Comfort-able Lies

raycomfort

It’s just a pity I cannot reblog this post about Ray Comfort from Skepticblog. Instead I’ve lifted the hilarious image above, and you can read the rest here.

For those who don’t know, Ray Comfort is a preacher of sorts who hails from Down Under, and now plying his trade in the USA, which is perhaps one of the most gullible countries in the world. Comfort trades in lies, by the way.

Like Ken Ham (who coincidently also hails from down under), Ray Comfort perverts the basics of science any way he can, to spread pathetic lies about Evolution, while promoting the absurdity known as Creationism. When his total and utter lack of understanding of the basics of biology and science is pointed out to him, he ducks for cover behind willful ignorance.

After reading the article, one has to wonder whether Ray is indeed a total idiot, or a very clever money-grubbing scumbag.

Wine Wasting

Let me make it quite clear. I’m no wine connoisseur, but as I’ve grown older I’ve developed a taste for good wine; a real liking for this nectar of the gods.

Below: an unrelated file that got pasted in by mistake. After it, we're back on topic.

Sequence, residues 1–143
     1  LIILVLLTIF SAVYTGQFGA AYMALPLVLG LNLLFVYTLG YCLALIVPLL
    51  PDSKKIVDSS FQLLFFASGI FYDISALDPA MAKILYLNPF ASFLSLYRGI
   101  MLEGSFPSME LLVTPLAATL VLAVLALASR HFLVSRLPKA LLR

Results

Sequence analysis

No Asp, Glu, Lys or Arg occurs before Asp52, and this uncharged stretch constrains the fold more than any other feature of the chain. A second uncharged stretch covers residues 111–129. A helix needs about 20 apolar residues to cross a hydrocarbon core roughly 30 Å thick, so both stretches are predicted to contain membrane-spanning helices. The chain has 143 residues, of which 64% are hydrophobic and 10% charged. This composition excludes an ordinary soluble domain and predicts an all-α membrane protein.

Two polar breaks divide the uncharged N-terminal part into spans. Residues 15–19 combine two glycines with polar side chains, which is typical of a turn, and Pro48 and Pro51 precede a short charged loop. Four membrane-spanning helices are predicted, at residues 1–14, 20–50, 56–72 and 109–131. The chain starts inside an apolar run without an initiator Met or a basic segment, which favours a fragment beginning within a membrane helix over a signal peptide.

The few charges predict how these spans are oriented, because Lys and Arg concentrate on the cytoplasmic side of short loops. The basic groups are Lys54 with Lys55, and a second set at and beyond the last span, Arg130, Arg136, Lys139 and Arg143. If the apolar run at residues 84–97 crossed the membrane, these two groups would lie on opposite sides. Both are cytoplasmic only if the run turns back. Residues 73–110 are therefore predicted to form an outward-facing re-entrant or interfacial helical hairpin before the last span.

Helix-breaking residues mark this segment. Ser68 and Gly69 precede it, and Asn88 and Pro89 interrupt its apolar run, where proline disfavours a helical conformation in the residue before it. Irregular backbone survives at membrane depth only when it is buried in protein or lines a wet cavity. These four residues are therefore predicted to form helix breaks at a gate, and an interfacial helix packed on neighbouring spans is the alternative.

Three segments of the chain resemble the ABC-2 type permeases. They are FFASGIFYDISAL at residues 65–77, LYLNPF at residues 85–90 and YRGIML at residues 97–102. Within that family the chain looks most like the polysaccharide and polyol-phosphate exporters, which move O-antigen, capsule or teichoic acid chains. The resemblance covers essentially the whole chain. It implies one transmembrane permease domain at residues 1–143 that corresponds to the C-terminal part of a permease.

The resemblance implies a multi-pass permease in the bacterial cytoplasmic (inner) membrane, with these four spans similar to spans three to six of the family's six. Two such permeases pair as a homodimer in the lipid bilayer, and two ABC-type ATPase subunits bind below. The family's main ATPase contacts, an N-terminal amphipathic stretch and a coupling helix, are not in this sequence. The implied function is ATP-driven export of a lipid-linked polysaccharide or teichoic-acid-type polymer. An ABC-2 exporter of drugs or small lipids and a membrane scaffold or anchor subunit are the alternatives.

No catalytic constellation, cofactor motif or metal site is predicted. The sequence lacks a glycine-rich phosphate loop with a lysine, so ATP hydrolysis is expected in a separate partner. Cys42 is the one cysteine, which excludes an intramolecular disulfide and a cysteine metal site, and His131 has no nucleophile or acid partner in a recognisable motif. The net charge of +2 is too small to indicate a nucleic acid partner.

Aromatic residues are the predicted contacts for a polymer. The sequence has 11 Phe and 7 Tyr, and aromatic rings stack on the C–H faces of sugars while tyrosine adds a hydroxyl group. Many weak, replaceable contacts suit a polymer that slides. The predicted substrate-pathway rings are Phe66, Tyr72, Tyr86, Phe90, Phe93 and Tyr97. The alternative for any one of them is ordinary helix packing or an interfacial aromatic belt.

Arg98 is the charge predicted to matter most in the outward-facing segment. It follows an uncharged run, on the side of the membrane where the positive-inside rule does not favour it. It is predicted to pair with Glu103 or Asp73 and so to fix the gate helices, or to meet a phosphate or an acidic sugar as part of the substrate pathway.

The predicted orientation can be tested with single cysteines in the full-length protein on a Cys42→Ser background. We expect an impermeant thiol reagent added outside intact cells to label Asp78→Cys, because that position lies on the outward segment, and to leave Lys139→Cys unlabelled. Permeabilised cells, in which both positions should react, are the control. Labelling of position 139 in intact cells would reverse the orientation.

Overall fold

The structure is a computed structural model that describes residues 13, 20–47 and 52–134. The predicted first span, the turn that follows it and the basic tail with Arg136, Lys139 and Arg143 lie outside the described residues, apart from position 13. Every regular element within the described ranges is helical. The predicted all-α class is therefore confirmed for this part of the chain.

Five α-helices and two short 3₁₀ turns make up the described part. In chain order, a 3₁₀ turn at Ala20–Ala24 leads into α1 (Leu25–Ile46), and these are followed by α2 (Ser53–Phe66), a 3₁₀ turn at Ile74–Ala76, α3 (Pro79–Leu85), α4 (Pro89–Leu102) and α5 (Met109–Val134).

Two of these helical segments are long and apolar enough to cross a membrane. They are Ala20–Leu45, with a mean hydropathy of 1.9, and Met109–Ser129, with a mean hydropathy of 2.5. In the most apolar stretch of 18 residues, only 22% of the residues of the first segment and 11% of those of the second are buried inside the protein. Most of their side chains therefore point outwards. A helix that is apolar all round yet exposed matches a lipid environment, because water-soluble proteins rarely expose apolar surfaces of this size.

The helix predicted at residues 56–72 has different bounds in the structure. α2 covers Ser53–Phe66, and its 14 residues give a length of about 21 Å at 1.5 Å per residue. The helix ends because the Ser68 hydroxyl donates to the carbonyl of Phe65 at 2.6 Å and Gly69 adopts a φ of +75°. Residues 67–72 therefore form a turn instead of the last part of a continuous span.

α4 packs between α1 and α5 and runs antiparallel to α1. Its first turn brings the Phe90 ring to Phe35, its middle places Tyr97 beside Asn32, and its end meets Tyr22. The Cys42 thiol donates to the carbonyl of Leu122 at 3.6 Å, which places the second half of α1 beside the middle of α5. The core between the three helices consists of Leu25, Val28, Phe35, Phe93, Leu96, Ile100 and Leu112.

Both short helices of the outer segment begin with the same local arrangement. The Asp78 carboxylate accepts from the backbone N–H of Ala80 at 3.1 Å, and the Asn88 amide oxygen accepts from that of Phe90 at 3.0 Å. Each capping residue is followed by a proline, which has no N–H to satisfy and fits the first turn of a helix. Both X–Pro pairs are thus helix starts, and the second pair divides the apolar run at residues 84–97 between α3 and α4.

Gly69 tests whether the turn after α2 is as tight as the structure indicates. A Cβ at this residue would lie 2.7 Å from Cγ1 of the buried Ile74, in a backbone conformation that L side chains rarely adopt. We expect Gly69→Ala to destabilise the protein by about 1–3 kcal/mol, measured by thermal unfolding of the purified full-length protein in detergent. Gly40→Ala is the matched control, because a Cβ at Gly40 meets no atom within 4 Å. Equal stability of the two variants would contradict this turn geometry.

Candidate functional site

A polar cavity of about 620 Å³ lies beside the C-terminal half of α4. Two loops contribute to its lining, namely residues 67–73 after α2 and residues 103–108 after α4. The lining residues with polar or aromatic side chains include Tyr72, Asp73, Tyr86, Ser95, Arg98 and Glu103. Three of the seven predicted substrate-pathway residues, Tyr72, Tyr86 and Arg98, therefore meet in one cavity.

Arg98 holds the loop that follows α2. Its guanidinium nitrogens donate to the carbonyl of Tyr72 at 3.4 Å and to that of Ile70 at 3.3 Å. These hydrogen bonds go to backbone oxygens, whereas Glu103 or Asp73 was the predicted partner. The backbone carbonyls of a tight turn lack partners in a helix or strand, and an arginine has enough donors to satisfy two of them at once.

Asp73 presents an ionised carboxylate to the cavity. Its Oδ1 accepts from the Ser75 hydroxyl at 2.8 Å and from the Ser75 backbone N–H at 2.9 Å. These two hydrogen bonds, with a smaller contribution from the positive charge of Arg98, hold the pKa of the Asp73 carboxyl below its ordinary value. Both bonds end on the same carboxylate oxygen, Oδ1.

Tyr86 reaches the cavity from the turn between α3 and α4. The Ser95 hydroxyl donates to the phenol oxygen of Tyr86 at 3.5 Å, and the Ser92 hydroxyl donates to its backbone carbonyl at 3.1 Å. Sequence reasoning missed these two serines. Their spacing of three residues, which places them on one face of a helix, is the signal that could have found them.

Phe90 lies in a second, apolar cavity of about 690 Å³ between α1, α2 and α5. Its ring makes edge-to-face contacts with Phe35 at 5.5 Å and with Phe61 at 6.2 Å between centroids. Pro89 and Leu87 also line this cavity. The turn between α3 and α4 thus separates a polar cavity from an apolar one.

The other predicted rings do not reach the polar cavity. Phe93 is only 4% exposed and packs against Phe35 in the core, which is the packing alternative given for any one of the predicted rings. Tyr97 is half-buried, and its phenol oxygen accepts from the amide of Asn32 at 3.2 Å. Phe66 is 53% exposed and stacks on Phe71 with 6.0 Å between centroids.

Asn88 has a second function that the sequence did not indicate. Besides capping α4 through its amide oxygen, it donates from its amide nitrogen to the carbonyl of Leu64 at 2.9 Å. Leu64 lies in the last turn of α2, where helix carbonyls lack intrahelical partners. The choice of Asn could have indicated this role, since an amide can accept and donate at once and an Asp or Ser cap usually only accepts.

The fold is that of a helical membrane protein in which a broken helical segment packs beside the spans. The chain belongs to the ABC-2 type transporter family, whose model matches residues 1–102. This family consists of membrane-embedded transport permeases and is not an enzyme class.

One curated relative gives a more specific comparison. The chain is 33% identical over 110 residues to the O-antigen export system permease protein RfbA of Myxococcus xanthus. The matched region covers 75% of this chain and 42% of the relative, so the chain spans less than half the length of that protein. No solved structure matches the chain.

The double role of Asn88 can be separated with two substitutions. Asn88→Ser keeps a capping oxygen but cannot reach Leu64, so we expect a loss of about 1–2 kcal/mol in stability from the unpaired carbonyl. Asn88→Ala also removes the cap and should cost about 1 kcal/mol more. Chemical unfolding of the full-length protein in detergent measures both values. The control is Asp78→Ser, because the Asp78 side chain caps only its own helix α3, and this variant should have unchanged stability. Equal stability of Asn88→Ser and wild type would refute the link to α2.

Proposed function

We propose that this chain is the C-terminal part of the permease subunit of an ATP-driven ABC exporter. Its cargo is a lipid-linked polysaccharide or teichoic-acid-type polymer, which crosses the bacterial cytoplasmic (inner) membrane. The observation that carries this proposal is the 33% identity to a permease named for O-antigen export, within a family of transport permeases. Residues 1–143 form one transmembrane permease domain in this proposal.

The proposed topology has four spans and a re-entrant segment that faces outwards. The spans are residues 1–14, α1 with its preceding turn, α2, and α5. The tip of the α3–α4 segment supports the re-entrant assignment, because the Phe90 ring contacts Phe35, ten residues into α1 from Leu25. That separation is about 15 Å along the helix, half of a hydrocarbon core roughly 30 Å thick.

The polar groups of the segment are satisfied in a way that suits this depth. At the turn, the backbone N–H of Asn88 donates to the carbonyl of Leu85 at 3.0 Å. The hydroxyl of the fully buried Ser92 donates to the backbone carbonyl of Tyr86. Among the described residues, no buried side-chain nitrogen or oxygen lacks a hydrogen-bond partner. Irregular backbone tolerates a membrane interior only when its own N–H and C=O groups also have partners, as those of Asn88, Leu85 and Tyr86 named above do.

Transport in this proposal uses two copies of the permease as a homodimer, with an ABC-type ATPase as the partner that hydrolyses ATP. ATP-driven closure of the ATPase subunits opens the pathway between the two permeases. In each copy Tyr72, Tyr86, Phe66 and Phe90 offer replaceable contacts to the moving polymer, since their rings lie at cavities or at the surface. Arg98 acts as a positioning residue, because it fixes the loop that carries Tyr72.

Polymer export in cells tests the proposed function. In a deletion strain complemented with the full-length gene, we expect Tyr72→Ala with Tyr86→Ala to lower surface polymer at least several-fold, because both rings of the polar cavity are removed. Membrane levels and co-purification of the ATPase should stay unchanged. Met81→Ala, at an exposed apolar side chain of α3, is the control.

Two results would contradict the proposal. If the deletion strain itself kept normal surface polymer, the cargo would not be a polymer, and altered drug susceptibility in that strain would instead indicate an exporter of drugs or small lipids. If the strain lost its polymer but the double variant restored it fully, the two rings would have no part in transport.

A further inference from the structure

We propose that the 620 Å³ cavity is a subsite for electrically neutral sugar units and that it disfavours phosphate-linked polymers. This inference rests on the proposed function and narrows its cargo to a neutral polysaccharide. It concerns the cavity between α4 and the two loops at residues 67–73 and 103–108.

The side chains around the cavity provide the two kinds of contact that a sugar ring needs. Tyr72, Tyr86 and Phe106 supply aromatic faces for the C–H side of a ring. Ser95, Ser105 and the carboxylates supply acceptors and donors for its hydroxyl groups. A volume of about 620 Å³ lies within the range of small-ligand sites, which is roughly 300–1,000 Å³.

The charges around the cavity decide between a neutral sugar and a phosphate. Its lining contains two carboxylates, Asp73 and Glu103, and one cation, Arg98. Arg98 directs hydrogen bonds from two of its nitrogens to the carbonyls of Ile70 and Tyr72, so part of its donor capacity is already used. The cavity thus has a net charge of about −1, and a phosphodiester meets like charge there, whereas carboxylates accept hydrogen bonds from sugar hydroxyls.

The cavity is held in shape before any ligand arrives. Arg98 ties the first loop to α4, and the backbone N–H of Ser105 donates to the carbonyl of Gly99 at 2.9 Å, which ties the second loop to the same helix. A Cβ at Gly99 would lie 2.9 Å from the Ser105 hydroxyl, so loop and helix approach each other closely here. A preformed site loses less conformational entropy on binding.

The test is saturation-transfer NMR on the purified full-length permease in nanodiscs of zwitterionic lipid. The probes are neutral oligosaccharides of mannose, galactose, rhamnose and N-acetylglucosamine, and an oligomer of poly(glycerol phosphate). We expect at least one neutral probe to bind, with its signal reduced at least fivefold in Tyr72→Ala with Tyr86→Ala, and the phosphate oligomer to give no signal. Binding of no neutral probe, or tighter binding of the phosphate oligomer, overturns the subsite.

How do I know which wine is good? I don’t. If it tastes good, it’s good wine. I generally prefer white wine to red, but recently I’ve started liking a certain brand of rosé. I also tend to stay away from the cheap plonk; which is not to say that I buy expensive wine.

A lady friend heard about a wine tasting event that is held annually at various venues along the Vaal River in South Africa, and suggested that we give it a bash. So this Sunday past, six eager wine tasting virgins drove down to the Vaal Meander and a place called Stonehaven-On-Vaal, to see what all the fuss is about.

Being a skeptic, I was well aware of the suspicions against people who claim to be wine experts. However, part of this excursion included a boat cruise on the Vaal River with lunch and wine (tasting) on board, not to mention the companionship of four beautiful women… and I was not about to miss that.

At the restaurant prior to the cruise, we were allocated an expert of sorts who served us 26 different wines to taste. I think the idea was to swirl, sniff, taste and spit out the remnants into a bucket provided, but I couldn’t be bothered with all that; I just quaffed down every portion poured into my little goblet. My companions however tried valiantly to play the part, and we all rated our wines on a score-card provided.

Wine aboard

Wine aboard

We could not complete tasting all 26 different wines, before boarding the boat for the cruise. The “expert” was kind enough to allow us to return after the cruise to complete our little wine tasting adventure, which we did. Even then we just could not go through all of them, but managed around 18 labels, including that served on the boat.